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Blog posts December 2014

Energy Update, Dec. 19

In the States

NY – Following the release of a multi-year study of the public health implications of hydraulic fracturing, Governor Andrew Cuomo announced his administration will move to ban the practice in New York State. Hydraulic fracturing, commonly known as fracking, is the process by which fluids are injected into wellbores to help release natural gas and oil. Dr. Howard Zucker, the state’s acting health commissioner, said the study found “significant public health risks” associated with fracking, and during a Governor’s cabinet meeting, Dr. Zucker “listed concerns about water contamination and air pollution.” Governor Cuomo, who received much praise from environmental groups for his decision, said “I’ve never had anyone say to me, ‘I believe fracking is great.’ Not a single person in those (Southern Tier) communities. What I get is, ‘I have no alternative but fracking.’” Citing health risks, Cuomo bans fracking in New York stateThe New York Times and Cuomo administration rules against frackingThe Washington Post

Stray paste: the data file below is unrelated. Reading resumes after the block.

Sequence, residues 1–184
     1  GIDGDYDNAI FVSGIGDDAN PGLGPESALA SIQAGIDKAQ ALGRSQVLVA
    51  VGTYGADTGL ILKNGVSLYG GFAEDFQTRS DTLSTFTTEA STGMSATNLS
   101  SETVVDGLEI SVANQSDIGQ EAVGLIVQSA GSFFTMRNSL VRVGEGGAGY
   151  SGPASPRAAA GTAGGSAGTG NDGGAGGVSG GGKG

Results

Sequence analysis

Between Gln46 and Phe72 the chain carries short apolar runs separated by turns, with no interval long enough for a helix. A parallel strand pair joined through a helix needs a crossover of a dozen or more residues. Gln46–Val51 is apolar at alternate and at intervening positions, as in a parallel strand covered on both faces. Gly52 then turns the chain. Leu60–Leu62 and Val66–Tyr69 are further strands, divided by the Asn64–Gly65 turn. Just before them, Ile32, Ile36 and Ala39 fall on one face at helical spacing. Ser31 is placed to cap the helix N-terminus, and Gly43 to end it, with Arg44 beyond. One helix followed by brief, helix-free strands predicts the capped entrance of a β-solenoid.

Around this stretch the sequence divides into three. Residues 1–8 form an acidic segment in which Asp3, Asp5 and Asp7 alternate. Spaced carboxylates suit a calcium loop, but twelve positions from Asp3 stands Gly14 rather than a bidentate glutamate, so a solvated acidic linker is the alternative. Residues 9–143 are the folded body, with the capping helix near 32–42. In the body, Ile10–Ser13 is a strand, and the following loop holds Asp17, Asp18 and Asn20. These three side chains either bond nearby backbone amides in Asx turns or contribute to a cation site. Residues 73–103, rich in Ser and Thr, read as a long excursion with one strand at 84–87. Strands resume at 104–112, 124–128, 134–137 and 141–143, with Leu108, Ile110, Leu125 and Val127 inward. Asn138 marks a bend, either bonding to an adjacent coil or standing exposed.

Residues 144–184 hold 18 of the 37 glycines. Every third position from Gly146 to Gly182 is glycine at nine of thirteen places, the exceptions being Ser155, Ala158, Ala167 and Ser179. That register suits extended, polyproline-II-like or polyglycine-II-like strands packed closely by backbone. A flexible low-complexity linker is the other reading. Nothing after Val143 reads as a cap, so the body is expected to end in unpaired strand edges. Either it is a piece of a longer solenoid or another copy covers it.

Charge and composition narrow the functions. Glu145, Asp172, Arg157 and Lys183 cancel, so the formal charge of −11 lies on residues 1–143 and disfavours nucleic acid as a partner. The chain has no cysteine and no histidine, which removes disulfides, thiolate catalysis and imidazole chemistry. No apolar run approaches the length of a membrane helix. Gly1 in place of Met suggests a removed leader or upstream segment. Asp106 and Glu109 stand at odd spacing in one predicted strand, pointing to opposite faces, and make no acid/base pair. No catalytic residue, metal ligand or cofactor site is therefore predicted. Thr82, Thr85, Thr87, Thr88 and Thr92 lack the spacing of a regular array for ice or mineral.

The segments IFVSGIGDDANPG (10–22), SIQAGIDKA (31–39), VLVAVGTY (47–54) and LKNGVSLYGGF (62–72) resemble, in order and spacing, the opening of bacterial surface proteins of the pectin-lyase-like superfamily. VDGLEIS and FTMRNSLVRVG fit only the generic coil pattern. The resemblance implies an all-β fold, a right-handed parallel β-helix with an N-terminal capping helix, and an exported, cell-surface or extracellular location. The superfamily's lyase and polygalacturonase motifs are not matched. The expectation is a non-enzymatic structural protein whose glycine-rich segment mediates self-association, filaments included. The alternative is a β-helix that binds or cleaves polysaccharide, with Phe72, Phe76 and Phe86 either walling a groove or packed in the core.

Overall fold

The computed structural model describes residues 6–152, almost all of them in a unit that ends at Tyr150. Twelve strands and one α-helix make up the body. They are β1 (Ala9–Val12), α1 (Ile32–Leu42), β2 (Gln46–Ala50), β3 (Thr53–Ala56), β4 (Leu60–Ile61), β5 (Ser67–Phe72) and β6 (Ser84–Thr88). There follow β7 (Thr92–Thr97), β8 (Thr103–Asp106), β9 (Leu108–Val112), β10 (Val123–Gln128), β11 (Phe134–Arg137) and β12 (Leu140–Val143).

WA – Governor Jay Inslee recently released his plan to cut the state’s carbon emissions by creating a cap-and-trade system, which would set a price on the right to emit carbon and other greenhouse gases. The proposal, which is called the Carbon Pollution Accountability Act, would apply to companies that “emit more than 25,000 metric tons of carbon emissions per year,” which according to the Governor’s office, “would cover about 85% of the state’s total greenhouse gases.” Early projections estimate the state would raise nearly one billion dollars, if the program was implemented, to support transportation projects. The Governor’s plan also includes tax breaks for electric and zero-emission automobiles and investments in renewable energy sources. Opponents of the Governor’s plan called his proposal a “massive energy tax on the people of Washington State.” Washington governor proposes billion-dollar carbon emissions cap-and-trade planThe Washington Post and Inslee targets polluters with billion-dollar cap-and-trade planThe Seattle Times